Pair of Tureens, Liners, and Stands
Silversmith Thomas Germain designed this pair of large silver tureens, or covered soup bowls, to look like the food that was served in them. They would usually hold a rich stew of meat and vegetables. The tureens have boars' heads and legs, since the meat in the stew would have come from a boar.

We no longer have the lids of these tureens, but we know that the lids would have been decorated with images of vegetables and seafood. The artist would have used actual vegetables—like cauliflowers—to make molds, and then poured in melted silver so that the metal would take the shape of the vegetables.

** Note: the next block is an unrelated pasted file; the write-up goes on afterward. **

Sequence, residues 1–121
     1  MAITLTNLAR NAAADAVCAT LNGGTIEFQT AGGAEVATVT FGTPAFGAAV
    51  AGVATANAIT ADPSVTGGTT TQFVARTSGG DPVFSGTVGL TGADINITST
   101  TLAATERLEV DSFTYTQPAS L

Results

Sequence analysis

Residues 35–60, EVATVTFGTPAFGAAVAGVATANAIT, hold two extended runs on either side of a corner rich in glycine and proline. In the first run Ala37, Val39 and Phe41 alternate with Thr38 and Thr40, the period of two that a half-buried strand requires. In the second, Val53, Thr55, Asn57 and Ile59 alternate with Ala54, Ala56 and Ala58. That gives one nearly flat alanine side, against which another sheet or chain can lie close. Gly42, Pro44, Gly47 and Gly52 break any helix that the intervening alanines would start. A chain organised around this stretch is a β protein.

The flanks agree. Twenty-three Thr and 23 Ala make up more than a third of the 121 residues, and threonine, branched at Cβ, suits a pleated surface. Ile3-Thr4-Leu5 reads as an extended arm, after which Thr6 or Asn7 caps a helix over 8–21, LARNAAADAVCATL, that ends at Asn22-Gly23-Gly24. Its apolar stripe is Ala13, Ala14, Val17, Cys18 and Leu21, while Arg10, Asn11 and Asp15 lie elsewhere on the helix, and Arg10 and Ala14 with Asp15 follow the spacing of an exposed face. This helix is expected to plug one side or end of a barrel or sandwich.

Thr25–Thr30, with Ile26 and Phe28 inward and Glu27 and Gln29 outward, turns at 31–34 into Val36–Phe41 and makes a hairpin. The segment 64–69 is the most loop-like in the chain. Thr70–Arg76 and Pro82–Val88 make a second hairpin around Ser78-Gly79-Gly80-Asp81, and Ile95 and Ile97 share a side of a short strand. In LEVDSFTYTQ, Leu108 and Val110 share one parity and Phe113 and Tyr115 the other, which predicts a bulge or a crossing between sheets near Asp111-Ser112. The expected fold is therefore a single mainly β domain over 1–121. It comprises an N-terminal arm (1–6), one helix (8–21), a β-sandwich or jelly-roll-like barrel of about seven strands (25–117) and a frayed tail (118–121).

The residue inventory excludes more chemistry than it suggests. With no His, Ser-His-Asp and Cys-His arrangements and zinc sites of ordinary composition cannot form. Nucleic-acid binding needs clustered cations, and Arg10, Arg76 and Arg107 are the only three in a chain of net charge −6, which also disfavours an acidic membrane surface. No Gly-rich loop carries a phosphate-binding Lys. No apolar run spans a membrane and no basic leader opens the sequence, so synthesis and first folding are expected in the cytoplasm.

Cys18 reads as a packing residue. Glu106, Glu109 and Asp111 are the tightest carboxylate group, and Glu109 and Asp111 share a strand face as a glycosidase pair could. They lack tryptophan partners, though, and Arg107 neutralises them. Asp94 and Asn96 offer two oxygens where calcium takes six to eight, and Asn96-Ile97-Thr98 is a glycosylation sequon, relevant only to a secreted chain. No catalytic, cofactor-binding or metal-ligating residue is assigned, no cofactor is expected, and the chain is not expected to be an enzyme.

Do you think these dishes would be used at a fancy dinner or a casual one? They look fancy to us, but in the 1700s these serving pieces were used for informal dinners so people could serve themselves instead of having servants wait on them.

More Fresh Art Scoops!

A Garden as Work of Art: The Central Garden Hidden in Plain Sight: A Nature Painting Tulip Mania Dining in Style
Laundry Day A Scrumptious Centerpiece